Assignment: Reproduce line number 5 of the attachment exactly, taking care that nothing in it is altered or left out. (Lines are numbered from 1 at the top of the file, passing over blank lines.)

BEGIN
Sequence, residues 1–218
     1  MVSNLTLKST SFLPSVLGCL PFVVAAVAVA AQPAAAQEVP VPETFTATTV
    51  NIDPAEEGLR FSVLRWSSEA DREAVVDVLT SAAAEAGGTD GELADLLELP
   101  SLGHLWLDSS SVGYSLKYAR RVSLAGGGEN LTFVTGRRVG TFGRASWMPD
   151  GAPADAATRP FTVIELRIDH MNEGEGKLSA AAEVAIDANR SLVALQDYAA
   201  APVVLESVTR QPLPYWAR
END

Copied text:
   151  GAPADAATRP FTVIELRIDH MNEGEGKLSA AAEVAIDANR SLVALQDYAA